Few parallels exist to the Greek yogurt phenomenon playing out on retail shelves. From barely a blip on the cultured dairy sales chart, Greek-style yogurt now accounts for a quarter of all yogurt sales. Even greater gains are expected as Greek yogurt propels a growth spurt that Mintel Group Ltd. projects will double yogurt sales in the 10-year period ending in 2016.
“You can create a laundry list of reasons why, but nobody believed Greek yogurt would take off like it did,” reflects David Browne, an analyst with Chicago-based Mintel. “It’s truly phenomenal.” About 200 Greek-style yogurts have launched since 2007, including some high-profile brands that already have flamed out.
Fage helped create the trend when the Greek firm began exporting its yogurt here in 1998. The processor built a 115,000-sq.-ft. production facility in Johnstown, NY in 2008 to meet growing demand (see “Fabulous Food Plant: Fage yogurt,” Food Engineering, December 2009). Demand already has dictated multiple plant expansions, and there is no let-up in sight, with sales growing 52.1 percent in 2011, according to Symphony IRI Group, Chicago. Fage’s growth pales in comparison, however, to category leader Chobani, the Norwich, NY Agro Farma brand that is investing $100 million in a second production facility in Twin Falls, ID. Symphony IRI pegs Chobani’s supermarket sales growth at 148.25 percent last year.
With its thick texture, slightly tart taste and a protein content double that of conventional yogurt, Greek yogurt appeals to a broad spectrum of health-conscious consumers. Three in five respondents to a Mintel survey prefer yogurt with thick texture (double the ratio for less viscous varieties). The preference is as strong among young adults as it is for aging Baby Boomers.
“While there are still consumers who prefer traditional yogurt, there is a shift in consumers wanting the thicker, creamier texture of Greek with the subtle tartness,” says Lisa Kinzel, associate brand manager at Stonyfield Farm Inc. The Londonderry, NH dairy launched Oikos organic Greek-style yogurt in 2007, and its success prompted parent company Danone to rebrand Dannon Greek to Oikos Greek.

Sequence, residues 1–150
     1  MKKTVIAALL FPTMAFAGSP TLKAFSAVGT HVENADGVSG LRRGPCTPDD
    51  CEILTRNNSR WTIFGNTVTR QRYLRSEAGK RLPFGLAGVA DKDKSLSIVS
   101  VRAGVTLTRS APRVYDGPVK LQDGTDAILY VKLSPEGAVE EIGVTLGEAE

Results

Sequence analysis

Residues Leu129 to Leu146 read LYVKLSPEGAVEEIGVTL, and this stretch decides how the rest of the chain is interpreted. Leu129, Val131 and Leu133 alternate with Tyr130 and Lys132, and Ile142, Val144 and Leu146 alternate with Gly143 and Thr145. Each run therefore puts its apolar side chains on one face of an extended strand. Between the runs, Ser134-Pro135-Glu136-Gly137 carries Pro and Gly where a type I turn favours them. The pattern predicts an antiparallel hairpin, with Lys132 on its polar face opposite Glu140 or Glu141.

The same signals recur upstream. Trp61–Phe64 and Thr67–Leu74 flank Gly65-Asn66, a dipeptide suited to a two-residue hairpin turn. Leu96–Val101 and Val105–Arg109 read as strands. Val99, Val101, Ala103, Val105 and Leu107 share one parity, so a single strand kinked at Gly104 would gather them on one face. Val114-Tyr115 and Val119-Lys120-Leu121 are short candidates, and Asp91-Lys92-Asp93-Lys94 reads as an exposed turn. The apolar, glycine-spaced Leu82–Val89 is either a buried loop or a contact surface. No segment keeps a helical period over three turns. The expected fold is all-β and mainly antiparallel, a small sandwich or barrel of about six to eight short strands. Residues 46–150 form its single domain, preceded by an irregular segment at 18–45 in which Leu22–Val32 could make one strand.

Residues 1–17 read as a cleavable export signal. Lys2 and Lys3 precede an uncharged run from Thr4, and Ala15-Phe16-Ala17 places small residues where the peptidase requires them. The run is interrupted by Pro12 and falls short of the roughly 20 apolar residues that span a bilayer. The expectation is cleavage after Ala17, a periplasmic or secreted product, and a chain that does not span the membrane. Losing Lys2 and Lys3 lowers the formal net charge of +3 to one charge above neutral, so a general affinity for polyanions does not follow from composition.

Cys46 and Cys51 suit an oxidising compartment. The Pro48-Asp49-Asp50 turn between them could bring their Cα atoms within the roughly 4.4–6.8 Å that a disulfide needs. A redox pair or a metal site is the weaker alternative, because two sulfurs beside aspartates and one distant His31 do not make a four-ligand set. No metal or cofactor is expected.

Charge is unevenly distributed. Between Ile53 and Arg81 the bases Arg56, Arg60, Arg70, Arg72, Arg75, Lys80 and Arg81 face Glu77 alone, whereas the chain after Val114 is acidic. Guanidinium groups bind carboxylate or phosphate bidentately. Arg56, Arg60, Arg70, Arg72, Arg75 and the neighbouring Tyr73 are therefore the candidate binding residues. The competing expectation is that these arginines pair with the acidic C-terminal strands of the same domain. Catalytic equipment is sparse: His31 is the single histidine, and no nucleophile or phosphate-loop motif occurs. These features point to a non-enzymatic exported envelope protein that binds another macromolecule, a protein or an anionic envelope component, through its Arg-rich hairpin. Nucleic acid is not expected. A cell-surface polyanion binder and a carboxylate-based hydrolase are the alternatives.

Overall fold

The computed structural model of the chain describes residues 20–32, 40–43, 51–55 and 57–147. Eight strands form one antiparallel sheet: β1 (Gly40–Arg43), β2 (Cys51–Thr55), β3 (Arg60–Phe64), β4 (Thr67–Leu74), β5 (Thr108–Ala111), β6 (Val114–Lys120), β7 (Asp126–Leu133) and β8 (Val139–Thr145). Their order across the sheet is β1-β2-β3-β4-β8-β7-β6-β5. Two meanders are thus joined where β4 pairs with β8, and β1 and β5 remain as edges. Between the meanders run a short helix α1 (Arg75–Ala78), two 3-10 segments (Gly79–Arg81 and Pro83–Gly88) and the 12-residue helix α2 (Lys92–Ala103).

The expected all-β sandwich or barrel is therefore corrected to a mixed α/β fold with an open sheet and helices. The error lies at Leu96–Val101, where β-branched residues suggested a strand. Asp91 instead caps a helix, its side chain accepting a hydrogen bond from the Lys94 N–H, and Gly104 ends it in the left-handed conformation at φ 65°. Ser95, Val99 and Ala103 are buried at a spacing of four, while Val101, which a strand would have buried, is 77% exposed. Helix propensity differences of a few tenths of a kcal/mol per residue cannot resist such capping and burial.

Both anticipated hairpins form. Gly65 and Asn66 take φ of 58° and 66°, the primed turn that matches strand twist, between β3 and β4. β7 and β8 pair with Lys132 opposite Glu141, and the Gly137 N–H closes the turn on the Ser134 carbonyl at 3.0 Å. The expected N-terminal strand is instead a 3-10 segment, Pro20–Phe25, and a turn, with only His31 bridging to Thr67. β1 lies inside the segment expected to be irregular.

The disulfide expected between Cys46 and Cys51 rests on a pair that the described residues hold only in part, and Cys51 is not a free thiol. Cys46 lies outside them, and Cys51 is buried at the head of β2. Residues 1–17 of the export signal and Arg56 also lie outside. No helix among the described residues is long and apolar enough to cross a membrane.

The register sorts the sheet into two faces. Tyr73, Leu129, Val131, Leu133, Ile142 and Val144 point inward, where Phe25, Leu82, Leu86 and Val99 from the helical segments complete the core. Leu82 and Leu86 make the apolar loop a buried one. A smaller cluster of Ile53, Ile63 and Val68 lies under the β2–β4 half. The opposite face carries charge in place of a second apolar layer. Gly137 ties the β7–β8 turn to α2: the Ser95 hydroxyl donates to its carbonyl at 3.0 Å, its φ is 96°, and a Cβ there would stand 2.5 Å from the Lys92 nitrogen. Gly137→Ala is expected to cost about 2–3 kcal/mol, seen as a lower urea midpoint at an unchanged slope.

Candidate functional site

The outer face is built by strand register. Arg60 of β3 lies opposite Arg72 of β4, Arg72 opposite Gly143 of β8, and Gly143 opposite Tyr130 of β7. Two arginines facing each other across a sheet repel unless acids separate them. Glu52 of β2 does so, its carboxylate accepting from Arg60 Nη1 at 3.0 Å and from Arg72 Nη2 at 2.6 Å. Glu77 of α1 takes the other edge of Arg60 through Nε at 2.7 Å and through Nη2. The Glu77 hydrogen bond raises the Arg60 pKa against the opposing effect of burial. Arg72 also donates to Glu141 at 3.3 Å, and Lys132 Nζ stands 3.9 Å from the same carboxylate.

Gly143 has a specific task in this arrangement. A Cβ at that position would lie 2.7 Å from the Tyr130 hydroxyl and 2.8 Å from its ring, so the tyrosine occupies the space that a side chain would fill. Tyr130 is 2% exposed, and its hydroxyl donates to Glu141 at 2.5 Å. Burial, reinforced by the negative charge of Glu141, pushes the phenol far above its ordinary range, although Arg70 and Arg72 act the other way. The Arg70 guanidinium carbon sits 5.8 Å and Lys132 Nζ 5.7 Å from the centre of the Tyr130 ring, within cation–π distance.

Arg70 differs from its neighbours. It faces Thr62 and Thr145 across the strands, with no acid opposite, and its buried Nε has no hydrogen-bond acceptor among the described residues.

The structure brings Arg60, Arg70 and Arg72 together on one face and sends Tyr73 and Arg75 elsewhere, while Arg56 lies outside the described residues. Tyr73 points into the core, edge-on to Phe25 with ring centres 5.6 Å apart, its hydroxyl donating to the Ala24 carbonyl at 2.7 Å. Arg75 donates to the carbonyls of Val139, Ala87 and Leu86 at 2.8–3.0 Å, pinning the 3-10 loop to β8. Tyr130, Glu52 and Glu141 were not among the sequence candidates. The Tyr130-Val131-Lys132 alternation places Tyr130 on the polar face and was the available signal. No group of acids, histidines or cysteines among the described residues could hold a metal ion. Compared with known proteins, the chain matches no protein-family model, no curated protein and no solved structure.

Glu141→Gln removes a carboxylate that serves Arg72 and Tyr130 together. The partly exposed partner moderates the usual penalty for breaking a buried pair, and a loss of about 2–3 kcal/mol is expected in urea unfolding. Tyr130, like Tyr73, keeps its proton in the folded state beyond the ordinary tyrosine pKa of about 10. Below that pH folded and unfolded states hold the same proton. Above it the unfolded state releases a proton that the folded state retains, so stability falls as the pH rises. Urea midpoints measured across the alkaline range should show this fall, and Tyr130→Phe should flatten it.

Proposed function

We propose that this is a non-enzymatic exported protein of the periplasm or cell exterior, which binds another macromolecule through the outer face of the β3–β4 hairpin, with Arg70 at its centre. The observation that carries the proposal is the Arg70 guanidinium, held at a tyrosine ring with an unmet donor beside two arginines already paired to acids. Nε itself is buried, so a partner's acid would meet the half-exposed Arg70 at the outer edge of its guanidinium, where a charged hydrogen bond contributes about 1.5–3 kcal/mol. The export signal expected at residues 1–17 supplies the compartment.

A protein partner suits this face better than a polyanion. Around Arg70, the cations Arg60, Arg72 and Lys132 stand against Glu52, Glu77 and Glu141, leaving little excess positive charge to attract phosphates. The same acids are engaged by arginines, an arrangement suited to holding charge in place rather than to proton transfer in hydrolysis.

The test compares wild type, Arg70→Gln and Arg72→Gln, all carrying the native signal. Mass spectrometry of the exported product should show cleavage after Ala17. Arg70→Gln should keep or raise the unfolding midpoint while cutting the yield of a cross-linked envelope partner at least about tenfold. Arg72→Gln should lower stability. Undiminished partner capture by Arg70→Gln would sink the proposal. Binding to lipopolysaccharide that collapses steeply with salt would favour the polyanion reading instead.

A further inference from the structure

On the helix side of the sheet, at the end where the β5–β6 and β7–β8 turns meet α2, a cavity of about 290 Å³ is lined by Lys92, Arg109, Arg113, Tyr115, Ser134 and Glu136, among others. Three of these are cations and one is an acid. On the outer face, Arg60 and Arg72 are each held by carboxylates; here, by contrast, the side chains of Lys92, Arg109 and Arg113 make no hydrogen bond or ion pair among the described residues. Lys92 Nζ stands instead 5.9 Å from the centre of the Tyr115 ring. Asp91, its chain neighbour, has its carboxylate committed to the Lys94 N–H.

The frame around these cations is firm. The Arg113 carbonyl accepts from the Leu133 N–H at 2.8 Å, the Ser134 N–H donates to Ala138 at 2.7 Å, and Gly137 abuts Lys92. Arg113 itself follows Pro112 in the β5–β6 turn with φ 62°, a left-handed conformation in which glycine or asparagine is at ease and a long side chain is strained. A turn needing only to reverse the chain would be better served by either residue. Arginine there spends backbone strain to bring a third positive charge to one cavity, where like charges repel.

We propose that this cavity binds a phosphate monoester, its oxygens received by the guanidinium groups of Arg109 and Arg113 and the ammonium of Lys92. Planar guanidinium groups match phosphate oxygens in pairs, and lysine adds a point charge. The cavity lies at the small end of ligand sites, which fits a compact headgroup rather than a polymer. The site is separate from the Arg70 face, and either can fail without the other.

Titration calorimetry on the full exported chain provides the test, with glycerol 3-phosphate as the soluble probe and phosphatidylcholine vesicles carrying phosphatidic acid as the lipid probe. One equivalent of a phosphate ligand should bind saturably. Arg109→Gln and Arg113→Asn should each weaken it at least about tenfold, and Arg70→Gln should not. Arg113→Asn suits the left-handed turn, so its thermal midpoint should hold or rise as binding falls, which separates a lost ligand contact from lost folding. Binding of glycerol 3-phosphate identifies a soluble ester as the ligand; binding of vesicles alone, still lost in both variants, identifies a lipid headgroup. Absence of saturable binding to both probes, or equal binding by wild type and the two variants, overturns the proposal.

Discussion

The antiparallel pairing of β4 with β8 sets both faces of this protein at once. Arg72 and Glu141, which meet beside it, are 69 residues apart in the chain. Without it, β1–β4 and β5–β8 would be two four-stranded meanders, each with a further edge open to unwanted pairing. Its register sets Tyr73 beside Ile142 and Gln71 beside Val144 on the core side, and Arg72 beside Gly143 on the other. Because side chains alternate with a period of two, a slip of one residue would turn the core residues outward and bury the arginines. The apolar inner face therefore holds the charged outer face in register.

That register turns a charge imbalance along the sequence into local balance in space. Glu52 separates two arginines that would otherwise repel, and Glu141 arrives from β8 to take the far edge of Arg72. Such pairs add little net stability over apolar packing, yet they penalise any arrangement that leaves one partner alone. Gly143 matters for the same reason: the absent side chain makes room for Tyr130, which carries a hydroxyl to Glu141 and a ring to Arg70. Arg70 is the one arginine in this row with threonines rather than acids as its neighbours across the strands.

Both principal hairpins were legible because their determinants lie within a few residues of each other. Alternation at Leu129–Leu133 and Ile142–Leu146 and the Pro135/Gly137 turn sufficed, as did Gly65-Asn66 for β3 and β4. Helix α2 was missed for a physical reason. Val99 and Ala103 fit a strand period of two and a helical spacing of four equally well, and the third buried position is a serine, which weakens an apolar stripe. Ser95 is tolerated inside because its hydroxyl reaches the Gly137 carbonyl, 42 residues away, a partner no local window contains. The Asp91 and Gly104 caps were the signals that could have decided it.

Dannon is playing catch-up, but market leader General Mills was even slower to embrace the Greek-style trend, according to Browne. The front-of-package claim of “2X protein” for Yoplait Greek should appeal to older Americans, he says, but the use of a conventional cup is a departure. General Mills had shrugged off complaints about its cone-shaped Yoplait container from customers who couldn’t scrape out all the contents with a tablespoon, maintaining the equity built from the unconventional shape was worth it. But the cone gave way to a standard shape with Yoplait Greek.
The most distinctive container is the dual-compartment polystyrene cup from Fage. Fruit and other inclusions often are mixed with Greek yogurt, and Fage isolates inclusions in a compartment separate from the yogurt. But that approach has resulted in negative reactions from consumers who can’t wedge even a teaspoon into the container’s tightest crevices. “It looks cool on the shelf, but is it functional?” Mintel’s Browne asks.
While strong growth is forecast for Greek-style yogurt, the trend is accompanied by some fad products, such as dairy-free versions and drinkable yogurts, which lack the thickness that results from straining whey from the fermented product. Stonyfield launched YoKids Greek in February. Kinzel defends the move, noting, “Our drinks are thicker and have a creamier mouthfeel than traditional smoothies.”
Regardless of how those line extensions fare, Greek-style yogurt represents “one of the fastest-growing foods ever to hit the US market,” despite a price point double that of conventional yogurt, a December Mintel report on yogurt and yogurt drinks proclaims. v